So much so, that rather than decrease or eliminate signage - as has recently been implemented in the Northern Territory and Queensland - the state is increasing signage for its mobile camera network.
Upon their reintroduction, mobile cameras were accompanied only by a single roadside sign to inform drivers that their ‘speed had been checked’.
Later, two additional signs were introduced to provide more advanced warning before a mobile speed camera and another sign once the camera had been passed.
Drivers will now see a new sign when they approach mobile speed cameras in NSW, which informs them of the current speed limit.
“We don’t want your money - we want you to slow down - we want to save your life and the lives of your loved ones,” NSW Roads Minister, Duncan Gay said.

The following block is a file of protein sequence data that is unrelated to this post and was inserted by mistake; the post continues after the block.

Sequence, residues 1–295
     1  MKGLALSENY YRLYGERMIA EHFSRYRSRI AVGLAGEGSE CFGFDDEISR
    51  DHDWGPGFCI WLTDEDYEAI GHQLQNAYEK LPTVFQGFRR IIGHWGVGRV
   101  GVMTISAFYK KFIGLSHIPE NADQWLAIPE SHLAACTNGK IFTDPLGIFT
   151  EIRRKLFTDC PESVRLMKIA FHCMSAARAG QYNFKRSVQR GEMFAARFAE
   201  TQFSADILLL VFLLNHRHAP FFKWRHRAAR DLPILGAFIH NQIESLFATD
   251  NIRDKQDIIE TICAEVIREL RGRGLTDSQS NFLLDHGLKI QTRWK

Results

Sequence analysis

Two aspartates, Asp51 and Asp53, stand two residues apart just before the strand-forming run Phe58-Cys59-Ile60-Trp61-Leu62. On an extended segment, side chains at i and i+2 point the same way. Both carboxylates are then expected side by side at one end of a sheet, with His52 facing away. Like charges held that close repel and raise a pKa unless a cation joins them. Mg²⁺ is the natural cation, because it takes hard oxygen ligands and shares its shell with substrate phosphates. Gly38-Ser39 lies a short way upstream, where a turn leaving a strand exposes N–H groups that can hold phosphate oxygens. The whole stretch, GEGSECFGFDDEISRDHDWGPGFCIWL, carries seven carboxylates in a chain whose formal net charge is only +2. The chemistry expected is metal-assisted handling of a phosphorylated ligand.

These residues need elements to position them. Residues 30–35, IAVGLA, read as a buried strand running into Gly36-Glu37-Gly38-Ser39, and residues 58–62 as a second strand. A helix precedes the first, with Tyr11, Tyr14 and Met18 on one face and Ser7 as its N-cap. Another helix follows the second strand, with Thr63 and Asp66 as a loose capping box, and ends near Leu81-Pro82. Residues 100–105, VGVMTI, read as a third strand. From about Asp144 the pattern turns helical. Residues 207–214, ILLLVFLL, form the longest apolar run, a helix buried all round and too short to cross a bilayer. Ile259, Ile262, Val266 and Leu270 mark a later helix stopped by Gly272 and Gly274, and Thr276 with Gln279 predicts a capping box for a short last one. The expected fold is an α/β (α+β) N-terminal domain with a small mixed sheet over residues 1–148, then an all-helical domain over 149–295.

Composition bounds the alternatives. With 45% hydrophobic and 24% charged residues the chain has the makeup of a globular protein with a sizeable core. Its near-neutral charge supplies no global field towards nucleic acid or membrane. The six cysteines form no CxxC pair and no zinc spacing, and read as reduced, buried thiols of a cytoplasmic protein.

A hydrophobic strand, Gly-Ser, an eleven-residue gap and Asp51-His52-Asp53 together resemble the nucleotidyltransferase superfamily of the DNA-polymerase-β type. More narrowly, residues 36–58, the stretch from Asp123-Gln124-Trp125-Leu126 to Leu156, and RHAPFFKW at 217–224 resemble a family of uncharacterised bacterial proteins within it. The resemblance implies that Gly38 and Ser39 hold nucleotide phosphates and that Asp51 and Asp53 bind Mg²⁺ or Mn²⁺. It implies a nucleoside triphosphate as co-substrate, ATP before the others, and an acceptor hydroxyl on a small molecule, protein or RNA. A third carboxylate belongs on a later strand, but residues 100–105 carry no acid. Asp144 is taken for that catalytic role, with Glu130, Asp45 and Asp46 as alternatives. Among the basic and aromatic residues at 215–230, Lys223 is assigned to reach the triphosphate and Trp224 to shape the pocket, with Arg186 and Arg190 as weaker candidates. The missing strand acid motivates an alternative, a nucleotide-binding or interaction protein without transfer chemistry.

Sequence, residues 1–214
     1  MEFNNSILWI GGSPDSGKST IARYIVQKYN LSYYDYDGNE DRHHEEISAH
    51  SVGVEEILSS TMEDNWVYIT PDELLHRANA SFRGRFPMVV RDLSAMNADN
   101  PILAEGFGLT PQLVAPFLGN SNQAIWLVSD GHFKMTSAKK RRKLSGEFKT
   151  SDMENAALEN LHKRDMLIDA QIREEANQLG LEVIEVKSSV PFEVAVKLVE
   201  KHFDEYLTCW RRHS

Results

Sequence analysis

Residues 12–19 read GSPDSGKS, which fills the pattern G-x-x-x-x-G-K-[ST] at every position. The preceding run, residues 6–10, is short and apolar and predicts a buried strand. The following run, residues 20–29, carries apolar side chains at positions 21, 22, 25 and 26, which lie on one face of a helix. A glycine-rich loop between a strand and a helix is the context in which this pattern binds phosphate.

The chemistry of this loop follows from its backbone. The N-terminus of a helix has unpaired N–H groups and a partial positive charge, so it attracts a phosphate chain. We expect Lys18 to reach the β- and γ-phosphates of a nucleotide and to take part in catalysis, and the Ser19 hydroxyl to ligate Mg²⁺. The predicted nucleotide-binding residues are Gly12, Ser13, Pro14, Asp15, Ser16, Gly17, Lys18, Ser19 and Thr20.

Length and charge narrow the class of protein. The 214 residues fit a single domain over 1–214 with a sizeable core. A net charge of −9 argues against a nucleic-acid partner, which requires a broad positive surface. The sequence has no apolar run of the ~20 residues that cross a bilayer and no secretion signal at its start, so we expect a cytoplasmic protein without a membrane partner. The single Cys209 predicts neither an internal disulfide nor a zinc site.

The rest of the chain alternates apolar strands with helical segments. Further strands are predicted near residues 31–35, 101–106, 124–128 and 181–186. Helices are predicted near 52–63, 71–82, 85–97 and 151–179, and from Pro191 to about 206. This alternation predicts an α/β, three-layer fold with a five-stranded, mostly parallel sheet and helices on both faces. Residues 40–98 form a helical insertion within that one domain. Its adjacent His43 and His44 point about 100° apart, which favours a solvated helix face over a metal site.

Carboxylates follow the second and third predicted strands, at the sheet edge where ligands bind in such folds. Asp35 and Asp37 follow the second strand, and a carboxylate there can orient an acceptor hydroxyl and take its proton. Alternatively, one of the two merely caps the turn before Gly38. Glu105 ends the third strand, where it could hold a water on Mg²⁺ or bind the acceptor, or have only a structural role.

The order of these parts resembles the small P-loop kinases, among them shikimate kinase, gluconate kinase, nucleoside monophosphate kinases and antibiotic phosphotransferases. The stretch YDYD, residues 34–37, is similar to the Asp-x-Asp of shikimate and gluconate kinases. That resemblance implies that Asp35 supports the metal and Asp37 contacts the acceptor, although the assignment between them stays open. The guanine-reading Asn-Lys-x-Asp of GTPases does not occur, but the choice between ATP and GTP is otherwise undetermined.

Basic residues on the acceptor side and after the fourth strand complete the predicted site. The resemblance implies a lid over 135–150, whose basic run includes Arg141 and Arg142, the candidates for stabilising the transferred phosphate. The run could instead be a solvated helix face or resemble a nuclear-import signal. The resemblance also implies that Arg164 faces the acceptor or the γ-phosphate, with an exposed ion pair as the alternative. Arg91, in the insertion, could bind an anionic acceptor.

“There’s simply no excuse for speeding so we’re introducing mobile speed camera cars that cannot be missed."
Mobile speed camera vehicles will also undergo a makeover, with the State Government spending around $100,000 to deck the vehicles out in a new ‘high visibility’ paint scheme.
NRMA President Kyle Loades welcomed the new signs and brighter paintwork.
“Mobile speed cameras play an important role as one of a suite of measures to make our roads safer - but that’s not to say we can’t make them fairer and more transparent,” Mr Loades said.
“If motorists are given a fairer chance to adjust their speed limit and drive to the conditions than it will not only reduce the number of motorists who get fined, but also make our roads safer.”
The changes follow the NSW Government’s announcement last month that the traffic camera program is set to rake in more than $200 million for 2015.
For the remaining states, Victoria, Tasmania, Western Australia and South Australia in most cases do not provide warning signs for speed cameras while the Australian Capital Territory does.
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